Cristina: I do know. It’s a chore! But feels really good when you find just the right gift for someone.
Jonathan: It's just all over the map. You never know.
Cristina: Okay, I can't believe this is my last question! This time has flown by. What are you most hopeful about and looking forward to in the near future? Do you have any exciting projects in the pipeline that you can share with us?
Jonathan: We have a lot of fun stuff brewing at JVN Hair. We also have a lot of fun stuff brewing at Yummers, which I'm really excited about.
Cristina: Very cool.
Jonathan: So we have some really fun stuff happening there. And my husband and I are going to get to go on vacation at the end of the month and we're going to Costa Rica. I've never been there before and I'm so excited to get to see it.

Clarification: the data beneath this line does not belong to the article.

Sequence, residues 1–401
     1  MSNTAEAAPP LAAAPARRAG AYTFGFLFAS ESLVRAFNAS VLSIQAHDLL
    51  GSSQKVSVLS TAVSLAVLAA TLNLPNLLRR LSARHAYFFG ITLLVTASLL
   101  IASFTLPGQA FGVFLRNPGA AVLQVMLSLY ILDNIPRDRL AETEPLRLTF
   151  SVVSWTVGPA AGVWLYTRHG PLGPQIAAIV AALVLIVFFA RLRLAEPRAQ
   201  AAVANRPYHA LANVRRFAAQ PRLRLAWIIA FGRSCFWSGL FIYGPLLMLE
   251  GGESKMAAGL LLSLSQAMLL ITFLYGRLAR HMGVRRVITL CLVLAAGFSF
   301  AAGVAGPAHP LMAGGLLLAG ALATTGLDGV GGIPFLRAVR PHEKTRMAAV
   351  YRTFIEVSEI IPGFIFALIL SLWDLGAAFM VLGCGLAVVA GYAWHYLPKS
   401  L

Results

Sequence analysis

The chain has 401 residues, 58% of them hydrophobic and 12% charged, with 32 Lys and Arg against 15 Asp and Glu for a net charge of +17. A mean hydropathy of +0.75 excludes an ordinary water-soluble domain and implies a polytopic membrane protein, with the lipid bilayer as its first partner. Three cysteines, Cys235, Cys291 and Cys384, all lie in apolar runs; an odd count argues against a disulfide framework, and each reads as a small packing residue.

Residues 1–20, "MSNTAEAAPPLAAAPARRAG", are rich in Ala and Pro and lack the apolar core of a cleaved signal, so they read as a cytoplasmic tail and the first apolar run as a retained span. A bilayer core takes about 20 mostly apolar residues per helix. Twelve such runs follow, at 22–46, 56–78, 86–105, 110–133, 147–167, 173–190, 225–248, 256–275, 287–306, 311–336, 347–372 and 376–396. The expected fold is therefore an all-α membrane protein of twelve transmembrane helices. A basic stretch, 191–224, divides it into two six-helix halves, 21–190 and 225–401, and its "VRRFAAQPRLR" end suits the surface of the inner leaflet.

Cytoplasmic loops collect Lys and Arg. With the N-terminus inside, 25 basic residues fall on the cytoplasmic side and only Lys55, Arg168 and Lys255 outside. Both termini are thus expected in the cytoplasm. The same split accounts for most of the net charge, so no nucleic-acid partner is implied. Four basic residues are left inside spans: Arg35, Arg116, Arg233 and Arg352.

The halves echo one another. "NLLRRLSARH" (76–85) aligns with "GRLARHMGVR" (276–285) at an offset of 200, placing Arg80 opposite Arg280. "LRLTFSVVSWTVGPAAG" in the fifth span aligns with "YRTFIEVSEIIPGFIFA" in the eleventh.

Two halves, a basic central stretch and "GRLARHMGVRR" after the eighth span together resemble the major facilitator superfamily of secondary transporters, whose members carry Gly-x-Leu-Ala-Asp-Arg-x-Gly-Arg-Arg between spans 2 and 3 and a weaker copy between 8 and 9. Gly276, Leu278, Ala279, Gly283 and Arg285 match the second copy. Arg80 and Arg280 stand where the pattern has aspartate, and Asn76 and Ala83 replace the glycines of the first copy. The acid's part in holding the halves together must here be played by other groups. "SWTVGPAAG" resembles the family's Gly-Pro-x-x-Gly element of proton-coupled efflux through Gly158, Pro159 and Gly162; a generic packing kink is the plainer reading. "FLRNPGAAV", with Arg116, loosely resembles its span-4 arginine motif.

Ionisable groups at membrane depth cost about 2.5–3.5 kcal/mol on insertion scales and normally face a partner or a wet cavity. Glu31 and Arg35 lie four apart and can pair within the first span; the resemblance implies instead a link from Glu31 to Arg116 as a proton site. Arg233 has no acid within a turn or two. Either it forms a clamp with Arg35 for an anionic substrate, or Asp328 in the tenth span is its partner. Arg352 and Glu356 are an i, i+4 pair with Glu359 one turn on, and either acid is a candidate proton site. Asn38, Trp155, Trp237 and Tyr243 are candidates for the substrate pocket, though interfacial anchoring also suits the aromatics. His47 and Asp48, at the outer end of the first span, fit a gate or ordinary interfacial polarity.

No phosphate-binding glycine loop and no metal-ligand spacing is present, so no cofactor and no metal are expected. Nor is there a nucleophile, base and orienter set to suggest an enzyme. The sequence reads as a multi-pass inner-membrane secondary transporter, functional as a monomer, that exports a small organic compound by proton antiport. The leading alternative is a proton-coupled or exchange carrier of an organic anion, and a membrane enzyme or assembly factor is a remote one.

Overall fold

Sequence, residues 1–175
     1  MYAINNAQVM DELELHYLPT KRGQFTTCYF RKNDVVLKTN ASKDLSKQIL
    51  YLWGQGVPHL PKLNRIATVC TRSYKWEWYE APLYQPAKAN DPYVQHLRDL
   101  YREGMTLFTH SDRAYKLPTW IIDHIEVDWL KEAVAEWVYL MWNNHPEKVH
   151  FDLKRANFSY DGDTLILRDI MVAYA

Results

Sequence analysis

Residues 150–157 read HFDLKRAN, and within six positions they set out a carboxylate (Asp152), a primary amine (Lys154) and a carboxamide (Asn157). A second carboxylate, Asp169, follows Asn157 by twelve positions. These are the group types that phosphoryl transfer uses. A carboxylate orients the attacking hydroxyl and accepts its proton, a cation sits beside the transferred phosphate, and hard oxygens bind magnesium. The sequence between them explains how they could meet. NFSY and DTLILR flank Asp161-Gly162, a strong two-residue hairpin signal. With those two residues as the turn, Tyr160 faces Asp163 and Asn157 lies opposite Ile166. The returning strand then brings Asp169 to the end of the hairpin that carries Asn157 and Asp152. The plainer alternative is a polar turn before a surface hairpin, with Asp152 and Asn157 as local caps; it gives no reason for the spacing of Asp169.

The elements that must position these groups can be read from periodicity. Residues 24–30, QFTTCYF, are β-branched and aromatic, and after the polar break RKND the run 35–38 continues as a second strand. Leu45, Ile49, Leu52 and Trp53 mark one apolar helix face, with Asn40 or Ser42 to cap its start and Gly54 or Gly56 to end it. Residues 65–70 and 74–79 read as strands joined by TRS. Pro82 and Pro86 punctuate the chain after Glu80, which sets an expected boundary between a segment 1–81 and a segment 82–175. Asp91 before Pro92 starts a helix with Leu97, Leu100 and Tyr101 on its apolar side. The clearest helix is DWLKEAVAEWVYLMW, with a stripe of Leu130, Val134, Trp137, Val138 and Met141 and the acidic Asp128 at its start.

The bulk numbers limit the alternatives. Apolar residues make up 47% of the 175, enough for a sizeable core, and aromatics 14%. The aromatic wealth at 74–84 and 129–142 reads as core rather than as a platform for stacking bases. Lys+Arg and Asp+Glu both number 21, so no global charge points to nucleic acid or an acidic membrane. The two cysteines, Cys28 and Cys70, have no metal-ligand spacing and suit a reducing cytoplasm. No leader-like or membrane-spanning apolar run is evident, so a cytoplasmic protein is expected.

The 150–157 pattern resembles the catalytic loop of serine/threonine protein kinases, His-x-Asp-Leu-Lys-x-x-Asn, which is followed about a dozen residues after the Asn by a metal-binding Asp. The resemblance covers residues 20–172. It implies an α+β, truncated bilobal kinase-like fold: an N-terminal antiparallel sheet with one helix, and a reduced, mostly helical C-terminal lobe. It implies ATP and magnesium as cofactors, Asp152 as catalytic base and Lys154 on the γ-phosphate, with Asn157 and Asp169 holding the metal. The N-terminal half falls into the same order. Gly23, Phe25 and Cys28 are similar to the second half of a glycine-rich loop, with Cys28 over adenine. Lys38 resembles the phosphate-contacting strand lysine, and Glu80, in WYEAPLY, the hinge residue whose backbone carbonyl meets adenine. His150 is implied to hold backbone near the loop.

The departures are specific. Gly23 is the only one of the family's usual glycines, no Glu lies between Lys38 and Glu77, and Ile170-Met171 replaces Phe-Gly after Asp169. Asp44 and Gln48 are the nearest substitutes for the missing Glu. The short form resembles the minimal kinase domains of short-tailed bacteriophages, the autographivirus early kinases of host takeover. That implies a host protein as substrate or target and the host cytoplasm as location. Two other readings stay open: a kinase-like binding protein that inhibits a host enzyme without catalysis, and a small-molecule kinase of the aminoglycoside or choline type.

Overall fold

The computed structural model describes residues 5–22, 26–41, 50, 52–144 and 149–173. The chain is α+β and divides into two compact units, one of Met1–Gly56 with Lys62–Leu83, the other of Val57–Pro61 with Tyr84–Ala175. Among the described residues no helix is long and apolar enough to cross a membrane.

Cristina: Ohhh you’ll love it. Costa Rica is incredible.
Jonathan: Oh, so excited. I love going to a place I've never been to before. And I also get the week of Thanksgiving off, which I'm also super excited for.
Cristina: A much-needed break.
Jonathan: Yeah, that's what I'm looking forward to.